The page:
by Randall CraigFiled in: Blog, Make It Happen Tipsheet, Marketing, Trust, ViewpointTagged as: Branding, Content Marketing, Thought leadership
Back in the early days of journalism, there was a clear distinction between the “news” and paid advertisements. It was considered of the highest ethical imperative that journalists could not be “bought” or even influenced, by an advertiser looking to make a large ad purchase, or a threat to pull their dollars. If a company wanted to place an advertisement that even looked like a news story, it had to be in a different typeface, and labelled clearly as a paid ad. The term advertorial was coined to describe this.
While traditional media still ascribe to this higher standard, a quick look on their websites – and in almost every social media site – shows an uncomfortable grey zone, and a very slippery slope.
Enter the world of so-called branded content. Branded content might mean editorial opinion, videos, soft news, product comparisons, product placement, manufactured contests, and corporately sponsored (and biased) market research. It gets delivered through blogs, websites, Twitter, YouTube, and a myriad of other channels.
From a corporate perspective, branded content leaped from the olden days of brochures and media relations, first onto corporate websites, then through social media, and finally via a large (but mostly invisible) army of third-party “news” sites that serve this content almost everywhere.
Despite this somewhat cynical tone, is branded content all that bad? From a corporate context, is it not just now part of a marketer’s arsenal of important tools? And who cares, really?
Branded content per se is neither good nor bad: if a person gets value from the content, then why not produce it? Costco sends a magazine to all of its executive members with fantastic articles. Presumably the goal of the articles us to position Costco as a go to destination for families and business, while at the same time providing an editorial skeleton for their many advertisers. The reality though, is that every page in the magazine is designed to drive traffic to Costco, and then drive product sales. It doesn’t matter if the page is editorial or an advertisement… or one of the many types of branded content in between. That the Costco magazine works is a testament to one thing, and one thing only: the reader understands that the “magazine” has a corporate sponsor. It works because there is trust.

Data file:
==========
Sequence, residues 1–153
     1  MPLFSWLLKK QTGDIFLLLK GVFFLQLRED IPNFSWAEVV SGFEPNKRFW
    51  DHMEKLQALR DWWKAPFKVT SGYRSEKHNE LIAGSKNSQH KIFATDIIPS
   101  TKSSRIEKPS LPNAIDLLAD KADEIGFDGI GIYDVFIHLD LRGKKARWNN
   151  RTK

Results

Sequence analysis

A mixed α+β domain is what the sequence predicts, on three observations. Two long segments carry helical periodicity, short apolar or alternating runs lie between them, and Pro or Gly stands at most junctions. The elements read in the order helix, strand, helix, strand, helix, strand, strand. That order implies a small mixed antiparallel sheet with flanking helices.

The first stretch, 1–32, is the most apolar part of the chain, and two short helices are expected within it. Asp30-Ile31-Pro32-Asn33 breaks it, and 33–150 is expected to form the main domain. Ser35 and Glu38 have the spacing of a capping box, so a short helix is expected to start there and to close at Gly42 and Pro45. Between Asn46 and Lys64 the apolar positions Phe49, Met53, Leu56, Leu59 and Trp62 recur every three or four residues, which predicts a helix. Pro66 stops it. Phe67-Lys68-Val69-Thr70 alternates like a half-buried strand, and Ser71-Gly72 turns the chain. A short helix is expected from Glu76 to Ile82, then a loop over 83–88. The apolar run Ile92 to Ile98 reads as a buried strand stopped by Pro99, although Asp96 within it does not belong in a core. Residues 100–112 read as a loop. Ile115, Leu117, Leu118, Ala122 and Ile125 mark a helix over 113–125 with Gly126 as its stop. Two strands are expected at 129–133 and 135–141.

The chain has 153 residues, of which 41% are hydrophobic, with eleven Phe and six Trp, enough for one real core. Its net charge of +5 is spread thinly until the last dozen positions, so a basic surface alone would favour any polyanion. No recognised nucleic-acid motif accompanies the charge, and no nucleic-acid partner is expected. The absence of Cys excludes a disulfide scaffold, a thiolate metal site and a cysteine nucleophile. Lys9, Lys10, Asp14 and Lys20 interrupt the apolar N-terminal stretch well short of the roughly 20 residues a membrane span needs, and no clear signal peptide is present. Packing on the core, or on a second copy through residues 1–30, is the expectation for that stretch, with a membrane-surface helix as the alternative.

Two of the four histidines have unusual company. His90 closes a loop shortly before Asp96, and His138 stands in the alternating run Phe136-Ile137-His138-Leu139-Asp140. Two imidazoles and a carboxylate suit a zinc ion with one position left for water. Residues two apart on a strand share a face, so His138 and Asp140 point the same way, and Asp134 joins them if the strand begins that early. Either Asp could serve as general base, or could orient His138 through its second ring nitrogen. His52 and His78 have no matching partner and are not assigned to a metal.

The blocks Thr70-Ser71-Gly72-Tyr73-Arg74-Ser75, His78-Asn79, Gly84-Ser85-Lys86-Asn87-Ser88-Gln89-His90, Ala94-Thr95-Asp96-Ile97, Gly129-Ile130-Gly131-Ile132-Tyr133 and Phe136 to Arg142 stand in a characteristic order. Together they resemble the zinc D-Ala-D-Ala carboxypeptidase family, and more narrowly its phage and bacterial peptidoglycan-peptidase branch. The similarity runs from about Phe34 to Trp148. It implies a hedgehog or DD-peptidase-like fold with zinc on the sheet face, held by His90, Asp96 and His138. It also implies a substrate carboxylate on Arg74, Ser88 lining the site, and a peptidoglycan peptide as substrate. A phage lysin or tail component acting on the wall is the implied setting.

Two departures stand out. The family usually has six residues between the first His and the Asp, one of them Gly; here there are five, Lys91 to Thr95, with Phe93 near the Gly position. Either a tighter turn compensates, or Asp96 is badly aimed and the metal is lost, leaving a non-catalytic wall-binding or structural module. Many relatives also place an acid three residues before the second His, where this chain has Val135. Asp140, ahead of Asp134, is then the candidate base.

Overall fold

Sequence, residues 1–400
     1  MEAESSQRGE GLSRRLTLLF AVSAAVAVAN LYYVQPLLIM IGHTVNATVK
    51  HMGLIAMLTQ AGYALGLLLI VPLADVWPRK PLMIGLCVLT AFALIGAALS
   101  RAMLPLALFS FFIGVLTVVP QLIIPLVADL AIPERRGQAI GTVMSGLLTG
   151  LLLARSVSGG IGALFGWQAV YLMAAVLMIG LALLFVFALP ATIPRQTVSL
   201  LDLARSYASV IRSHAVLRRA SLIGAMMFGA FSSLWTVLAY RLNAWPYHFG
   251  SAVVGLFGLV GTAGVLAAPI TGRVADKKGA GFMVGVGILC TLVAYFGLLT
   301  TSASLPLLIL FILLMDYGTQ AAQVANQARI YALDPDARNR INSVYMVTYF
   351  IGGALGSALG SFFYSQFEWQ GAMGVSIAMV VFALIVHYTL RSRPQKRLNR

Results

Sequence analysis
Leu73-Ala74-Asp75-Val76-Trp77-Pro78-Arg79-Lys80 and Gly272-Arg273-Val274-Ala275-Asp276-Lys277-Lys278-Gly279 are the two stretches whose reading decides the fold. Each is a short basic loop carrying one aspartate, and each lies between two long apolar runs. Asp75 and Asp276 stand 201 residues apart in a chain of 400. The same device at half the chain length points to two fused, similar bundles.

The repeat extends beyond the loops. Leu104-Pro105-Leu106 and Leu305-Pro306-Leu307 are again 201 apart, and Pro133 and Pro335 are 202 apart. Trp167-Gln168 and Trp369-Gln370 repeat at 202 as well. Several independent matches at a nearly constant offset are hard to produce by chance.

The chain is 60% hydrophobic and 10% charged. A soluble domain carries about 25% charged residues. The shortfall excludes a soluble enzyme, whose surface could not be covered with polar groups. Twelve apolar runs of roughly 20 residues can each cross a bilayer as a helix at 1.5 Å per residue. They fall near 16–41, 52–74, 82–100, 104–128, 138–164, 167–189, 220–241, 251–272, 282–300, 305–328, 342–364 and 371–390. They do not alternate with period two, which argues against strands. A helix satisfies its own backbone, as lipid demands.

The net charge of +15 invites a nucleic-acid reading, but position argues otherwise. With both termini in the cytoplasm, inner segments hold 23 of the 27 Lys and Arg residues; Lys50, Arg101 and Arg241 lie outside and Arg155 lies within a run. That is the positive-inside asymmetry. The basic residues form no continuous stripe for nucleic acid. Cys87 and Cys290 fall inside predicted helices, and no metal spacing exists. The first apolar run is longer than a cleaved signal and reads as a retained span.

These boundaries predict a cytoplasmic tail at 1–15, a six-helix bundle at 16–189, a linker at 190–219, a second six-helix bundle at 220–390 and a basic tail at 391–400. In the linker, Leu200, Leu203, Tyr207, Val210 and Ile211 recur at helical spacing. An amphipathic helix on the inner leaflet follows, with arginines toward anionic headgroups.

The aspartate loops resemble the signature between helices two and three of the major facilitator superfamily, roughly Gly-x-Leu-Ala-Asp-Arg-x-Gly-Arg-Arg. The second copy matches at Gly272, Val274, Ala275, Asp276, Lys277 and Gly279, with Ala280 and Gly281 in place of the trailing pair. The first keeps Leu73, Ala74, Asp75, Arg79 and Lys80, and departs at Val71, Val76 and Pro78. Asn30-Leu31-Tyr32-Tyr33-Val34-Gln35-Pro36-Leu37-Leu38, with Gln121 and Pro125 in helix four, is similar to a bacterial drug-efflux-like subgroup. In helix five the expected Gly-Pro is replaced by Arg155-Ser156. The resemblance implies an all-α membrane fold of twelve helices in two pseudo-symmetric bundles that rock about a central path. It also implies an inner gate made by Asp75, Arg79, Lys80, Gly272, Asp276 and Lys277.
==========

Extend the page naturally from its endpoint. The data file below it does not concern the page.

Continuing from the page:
Branded content is bad when the sponsor is hidden, and the user thinks the content is unbiased, independent, and objective. While there are laws that require a blogger or website to disclose whether they are are receiving payment for writing (or commission on a link), this is too easily lost in the fine print. And as the content syndicates through social media (and especially on Twitter) it gets completely submerged. Once the commercial connection is discovered, or even if it is suspected, then trust is lost.
Old-school publishers got one thing very, very right: Once the reader doesn’t know whether or not they can trust what you write, they absolutely know they can’t trust you. Branded content that erodes trust – even unwittingly – can take years to earn back – if at all.
Is your connection to the content clear? If you are using branded content, a clear connection to the content builds trust, and builds your brand. If the connection to your brand is even partially hidden, then you run the risk of erosion.
Marketing challenge: If you are not using branded content, why not dip your toe in the water?
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